Let $(f_n)$ in $L_p(\Omega)$ $1\leq p< \infty$ and $(g_n)$ bounded in $L_{\infty}(\Omega)$ assume that $f_n \rightarrow f$ in $L_p(\Omega)$ and $g_n \rightarrow g$ a.e. Prove that $$f_ng_n\rightarrow fg$$ in $L_p(\Omega)$.

I have done the following:

Note that $f_ng_n-fg=(f_n-f)g_n+f(g_n-g)$ therefore $$||f_ng_n-fg||_p=||(f_n-f)g_n+f(g_n-g)||_p\leq||f_n-f||_p||g_n||_{\infty}+||f(g_n-g)||_p$$ I know the first term is less than $\epsilon$ (because $f_n$ converges in $L_p(\Omega)$ to $f$) however there is a hint in the book that says $f(g_n-g)\rightarrow 0$ in $L_p(\Omega)$ by the dominated convergence theorem. Is the first part of my reasoning correct? how can I see what the hint is telling me? Thanks in advance.

  • 1
    $\begingroup$ Are you asking how the $L_p$ convergence is shown from the dominated convergence theorem? Because if you show that the hint is true then the second term will also be smaller then $\epsilon$ for $n$ large. $\endgroup$ – Keen-ameteur Jan 9 at 20:02
  • $\begingroup$ yes but i made another advance, since $g_n\rightarrow g$ a.e. can i say that $fg_n\rightarrow fg$ a.e. ???? Because if so, since i have that $|fg_n|^p\leq M^p|f|^p$ then I can use dominated convergence. $\endgroup$ – Alfdav Jan 9 at 20:16
  • $\begingroup$ The first thing you wrote is true, but I'm not sure you can say the latter simply follows from dominated convergence theorem, because I think you need to bound $\vert f(g-g_n) \vert^p $ instead of $\vert fg_n\vert^p$. $\endgroup$ – Keen-ameteur Jan 9 at 20:24
  • $\begingroup$ $f(g_n-g)=fg_n-fg$ if the first one is bounded that is $|fg_n|^p\leq M^p|f|^p$ and converges a.e. to the second one that is $fg$ then by dominated convergence $fg$ belongs in $L_p$ and $||f(g_n-g)||_p=||fg_n-fg||_p<\epsilon$ $\endgroup$ – Alfdav Jan 9 at 20:41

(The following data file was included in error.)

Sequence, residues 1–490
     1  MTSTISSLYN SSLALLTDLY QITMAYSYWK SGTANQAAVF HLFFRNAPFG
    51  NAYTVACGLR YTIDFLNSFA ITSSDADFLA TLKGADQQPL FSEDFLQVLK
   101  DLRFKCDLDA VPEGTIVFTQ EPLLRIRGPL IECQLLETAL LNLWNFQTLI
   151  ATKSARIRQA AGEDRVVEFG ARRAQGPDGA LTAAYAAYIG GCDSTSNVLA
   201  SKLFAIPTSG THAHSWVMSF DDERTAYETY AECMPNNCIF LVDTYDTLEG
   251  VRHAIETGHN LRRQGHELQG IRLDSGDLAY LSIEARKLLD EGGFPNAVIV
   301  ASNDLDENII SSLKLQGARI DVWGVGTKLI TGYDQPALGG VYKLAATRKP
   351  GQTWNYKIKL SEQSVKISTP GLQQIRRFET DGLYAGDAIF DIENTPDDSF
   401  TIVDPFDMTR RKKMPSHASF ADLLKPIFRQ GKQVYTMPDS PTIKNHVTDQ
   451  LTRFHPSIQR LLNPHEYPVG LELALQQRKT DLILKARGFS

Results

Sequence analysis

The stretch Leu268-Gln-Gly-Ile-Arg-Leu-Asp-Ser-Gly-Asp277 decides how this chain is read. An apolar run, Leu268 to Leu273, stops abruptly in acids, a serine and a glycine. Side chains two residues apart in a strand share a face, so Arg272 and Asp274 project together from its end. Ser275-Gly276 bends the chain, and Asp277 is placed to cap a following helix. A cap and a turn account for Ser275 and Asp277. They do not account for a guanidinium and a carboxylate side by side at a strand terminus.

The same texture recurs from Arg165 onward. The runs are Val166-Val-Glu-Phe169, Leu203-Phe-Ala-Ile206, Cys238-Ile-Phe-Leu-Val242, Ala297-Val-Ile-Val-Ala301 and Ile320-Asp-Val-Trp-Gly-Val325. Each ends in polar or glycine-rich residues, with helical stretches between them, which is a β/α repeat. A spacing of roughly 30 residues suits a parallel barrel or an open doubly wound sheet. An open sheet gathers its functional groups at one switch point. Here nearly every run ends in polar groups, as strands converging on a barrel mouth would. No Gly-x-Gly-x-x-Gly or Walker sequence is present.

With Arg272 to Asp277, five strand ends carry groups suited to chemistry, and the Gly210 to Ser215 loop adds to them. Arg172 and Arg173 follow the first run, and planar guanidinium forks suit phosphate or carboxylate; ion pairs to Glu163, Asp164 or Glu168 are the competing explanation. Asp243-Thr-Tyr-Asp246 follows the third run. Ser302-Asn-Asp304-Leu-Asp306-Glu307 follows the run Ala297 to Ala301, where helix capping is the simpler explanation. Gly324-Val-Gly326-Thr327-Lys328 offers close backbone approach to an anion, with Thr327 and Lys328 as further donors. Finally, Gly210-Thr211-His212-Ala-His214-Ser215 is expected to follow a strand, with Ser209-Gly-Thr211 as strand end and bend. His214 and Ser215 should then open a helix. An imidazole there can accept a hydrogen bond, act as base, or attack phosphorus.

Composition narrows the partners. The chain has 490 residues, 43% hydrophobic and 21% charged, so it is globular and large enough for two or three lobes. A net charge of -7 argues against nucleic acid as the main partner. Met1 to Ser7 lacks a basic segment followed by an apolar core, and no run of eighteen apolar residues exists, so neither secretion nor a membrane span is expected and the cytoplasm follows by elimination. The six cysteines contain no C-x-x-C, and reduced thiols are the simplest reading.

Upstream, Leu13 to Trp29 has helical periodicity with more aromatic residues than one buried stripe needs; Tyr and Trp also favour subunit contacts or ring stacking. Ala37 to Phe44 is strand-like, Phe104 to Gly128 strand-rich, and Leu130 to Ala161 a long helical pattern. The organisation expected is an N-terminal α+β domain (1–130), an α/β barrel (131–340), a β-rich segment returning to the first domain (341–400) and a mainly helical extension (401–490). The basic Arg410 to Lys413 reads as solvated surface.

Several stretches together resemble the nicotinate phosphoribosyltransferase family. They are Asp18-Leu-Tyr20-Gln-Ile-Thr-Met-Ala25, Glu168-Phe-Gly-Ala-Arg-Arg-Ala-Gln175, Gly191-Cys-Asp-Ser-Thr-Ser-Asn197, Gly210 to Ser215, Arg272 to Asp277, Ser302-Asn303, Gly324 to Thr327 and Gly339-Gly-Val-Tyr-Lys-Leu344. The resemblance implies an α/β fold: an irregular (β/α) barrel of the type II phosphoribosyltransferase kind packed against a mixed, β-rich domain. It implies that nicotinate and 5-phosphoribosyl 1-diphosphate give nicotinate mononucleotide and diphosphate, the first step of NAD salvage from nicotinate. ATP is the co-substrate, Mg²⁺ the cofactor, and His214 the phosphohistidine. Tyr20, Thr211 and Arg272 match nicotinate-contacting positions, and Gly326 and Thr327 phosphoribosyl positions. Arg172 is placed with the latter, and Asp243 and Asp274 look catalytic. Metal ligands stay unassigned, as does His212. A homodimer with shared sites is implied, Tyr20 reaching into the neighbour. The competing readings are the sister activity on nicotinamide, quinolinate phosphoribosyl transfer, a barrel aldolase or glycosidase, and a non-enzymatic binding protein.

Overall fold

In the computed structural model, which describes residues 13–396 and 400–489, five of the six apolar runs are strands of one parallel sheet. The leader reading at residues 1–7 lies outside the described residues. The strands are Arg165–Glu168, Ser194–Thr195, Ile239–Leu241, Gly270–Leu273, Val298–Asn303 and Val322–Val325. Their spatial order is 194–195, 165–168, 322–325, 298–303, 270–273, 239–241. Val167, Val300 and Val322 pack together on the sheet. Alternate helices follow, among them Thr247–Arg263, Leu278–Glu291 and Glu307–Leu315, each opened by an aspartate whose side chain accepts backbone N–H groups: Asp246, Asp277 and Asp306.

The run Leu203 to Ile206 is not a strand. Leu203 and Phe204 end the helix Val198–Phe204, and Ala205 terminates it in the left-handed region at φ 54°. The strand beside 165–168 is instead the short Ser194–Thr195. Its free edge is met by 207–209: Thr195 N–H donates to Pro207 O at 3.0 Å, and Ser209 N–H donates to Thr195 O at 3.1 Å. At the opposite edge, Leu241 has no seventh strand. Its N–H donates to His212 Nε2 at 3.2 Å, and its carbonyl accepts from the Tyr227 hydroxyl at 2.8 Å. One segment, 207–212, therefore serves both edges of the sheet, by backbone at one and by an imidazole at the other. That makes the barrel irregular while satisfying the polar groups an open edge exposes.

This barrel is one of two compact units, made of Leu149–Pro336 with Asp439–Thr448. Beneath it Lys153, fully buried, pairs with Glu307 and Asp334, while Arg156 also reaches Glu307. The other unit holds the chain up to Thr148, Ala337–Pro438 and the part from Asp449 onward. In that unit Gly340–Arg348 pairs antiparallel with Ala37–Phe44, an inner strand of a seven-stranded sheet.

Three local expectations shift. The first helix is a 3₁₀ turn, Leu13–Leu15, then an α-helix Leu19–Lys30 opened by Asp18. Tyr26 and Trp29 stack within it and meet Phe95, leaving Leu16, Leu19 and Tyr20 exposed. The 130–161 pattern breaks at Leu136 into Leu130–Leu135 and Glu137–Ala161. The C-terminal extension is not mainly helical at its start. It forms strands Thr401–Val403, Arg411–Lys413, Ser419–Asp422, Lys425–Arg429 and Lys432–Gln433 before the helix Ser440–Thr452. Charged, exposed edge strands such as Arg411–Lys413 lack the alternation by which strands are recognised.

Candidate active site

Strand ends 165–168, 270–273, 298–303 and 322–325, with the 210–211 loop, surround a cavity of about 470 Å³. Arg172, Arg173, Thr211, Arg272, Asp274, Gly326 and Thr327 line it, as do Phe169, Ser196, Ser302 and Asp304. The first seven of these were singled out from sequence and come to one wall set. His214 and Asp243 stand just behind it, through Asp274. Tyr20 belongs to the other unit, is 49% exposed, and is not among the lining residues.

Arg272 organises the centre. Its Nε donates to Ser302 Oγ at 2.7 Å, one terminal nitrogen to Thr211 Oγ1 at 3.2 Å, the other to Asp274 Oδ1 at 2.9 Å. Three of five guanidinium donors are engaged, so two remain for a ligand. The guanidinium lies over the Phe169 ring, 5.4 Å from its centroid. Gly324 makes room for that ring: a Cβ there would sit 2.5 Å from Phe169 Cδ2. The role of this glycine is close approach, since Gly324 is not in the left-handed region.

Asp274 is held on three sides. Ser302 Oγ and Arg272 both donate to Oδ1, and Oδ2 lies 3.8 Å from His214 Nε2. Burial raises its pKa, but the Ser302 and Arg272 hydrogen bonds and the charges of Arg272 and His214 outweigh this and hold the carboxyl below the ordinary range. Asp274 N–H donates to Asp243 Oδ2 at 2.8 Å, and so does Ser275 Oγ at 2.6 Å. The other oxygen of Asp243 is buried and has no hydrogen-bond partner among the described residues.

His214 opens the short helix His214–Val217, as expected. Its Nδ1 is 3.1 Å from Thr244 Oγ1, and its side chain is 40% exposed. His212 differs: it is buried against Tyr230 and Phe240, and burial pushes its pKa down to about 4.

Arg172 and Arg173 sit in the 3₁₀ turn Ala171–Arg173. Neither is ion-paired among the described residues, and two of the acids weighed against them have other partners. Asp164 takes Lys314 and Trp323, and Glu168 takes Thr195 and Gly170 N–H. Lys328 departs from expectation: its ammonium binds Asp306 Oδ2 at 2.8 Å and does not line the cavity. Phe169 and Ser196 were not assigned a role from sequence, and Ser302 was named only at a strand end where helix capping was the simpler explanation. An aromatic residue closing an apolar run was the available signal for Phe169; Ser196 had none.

• $\begingroup$ I only needed to know if the a.e. convergence was correct, because I think the dominated convergence theorem applies the way i did it $\endgroup$ – Alfdav Jan 9 at 20:43

The only remaining thing to is show that $\int_\Omega h_n\to 0$, where $h_n(x)=\left\lvert f(x)\left(g_n(x)-g(x)\right)\right\rvert^p$.

Since $f$ belongs to $\mathbb L^p$, the quantity $\left\lvert f(x) \right\rvert^p$ is finite for almost every $c$ hence the fact that $h_n(x)\to 0$ follows from the implication (if $c\geqslant 0$ and $a_n\to 0$) then $c\cdot a_n\to 0$.

For the domination condition, let $M:=\sup_{n\geqslant 1}\left\lVert g_n\right\rVert_\infty$. Then $\left\lvert g(x)\right\rvert\leqslant M$ for almost every $x$ hence $$\left\lvert h_n(x) \right\rvert\leqslant \left(2M\right)^p\left\lvert f(x) \right\rvert^p \mbox{ a.e.}$$


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